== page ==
On a warm Wednesday night in August, a group of 50 or so gathered in a back room of Powell’s Bookstore.
Audience members sat on metal chairs drinking wine out of plastic cups, watching as one person got up on a makeshift bowling-alley stage and told a story.
This is Guts and Glory. A bare-bones, bare-all storytelling showcase that began in 2012.
Performers from all over Chicago share personal stories that strike you in the heart—they cover loneliness and love, breakups and breakdowns, pain and growth, addiction and moving on—with humor generously sprinkled in (one performer brought down the house with a vignette about house-sitting in your 30s.)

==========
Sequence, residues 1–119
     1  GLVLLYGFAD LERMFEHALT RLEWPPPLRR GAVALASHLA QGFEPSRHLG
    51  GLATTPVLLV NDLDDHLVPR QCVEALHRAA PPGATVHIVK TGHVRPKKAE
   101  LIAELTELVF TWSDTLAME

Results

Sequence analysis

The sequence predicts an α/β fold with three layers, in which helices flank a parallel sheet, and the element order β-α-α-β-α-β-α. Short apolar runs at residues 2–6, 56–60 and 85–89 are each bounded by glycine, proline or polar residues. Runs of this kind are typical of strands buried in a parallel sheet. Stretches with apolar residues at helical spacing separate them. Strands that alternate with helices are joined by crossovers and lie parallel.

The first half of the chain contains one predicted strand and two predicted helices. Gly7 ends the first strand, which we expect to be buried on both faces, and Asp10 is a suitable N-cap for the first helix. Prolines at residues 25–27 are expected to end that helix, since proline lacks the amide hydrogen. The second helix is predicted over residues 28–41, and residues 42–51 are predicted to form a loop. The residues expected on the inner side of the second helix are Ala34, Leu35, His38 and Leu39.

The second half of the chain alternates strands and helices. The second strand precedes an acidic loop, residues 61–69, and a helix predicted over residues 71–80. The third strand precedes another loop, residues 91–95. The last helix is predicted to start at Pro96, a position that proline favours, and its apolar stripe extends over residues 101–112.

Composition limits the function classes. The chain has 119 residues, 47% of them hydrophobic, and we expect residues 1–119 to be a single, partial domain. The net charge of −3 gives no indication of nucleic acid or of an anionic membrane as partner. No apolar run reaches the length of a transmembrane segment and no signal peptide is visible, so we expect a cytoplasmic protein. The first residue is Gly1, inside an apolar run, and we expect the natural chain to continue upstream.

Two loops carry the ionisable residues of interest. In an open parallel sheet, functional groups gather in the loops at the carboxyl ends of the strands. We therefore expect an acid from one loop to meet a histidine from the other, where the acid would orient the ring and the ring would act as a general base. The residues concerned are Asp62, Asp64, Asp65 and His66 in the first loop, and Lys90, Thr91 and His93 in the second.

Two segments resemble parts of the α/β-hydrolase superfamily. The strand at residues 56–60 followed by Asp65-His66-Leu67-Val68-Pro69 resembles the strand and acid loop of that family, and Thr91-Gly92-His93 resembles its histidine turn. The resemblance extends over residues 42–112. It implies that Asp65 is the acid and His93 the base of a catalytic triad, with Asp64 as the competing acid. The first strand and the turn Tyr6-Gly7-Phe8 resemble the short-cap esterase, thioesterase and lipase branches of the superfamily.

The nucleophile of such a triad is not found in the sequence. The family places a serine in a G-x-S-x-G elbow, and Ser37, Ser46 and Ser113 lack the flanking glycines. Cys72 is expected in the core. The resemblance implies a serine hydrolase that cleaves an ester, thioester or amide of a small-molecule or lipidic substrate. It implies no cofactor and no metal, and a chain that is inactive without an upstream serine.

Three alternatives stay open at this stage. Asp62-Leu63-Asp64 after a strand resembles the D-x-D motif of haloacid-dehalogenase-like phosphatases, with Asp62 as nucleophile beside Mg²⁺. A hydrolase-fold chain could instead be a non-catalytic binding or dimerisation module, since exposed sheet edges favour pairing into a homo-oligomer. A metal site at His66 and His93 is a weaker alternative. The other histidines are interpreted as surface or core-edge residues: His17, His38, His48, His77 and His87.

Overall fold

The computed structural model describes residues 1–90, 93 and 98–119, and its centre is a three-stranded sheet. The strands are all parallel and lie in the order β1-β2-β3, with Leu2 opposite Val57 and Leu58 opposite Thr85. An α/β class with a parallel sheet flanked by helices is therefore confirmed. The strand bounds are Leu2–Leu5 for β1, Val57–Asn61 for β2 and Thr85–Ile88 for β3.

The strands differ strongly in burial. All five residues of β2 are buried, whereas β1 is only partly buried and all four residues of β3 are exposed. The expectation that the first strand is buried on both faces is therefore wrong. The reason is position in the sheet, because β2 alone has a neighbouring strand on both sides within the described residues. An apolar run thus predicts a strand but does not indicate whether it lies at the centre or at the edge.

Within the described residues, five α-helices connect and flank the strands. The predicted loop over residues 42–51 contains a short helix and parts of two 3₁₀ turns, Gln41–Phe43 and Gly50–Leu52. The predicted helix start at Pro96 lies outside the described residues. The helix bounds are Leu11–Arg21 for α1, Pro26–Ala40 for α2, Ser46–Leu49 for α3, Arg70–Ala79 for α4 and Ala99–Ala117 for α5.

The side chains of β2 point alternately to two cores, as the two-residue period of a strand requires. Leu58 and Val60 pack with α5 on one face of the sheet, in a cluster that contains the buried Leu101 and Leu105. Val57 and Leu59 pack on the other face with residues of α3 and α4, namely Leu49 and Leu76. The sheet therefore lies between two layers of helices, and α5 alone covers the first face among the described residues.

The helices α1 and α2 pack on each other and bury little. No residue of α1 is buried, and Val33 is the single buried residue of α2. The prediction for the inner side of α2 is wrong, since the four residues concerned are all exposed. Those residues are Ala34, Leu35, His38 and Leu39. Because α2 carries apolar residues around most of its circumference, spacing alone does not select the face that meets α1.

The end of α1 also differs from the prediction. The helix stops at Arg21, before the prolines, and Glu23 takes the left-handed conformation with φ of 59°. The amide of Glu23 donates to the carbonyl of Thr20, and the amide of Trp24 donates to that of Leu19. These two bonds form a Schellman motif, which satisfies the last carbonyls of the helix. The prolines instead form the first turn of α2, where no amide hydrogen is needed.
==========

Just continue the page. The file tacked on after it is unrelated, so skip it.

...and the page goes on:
“Badass storytelling is what we call it,” said Keith Ecker, founder of Guts and Glory. “I wanted something that forces people to tell stories that require vulnerability, that require putting their neck out there.”
The stories hit you in the gut, and Ecker says this is part of the goal.
“It really resonates with the audience, I think everyone leaves just touched in some way,” Ecker said. “We want to highlight what all those shared experiences mean that we all go through and don’t talk about.”
Donations from the free BYOB event benefit PAWS and 826 Chicago. Their next show—and one-year anniversary—is scheduled for Sept. 18th at 7 p.m. at Powell’s.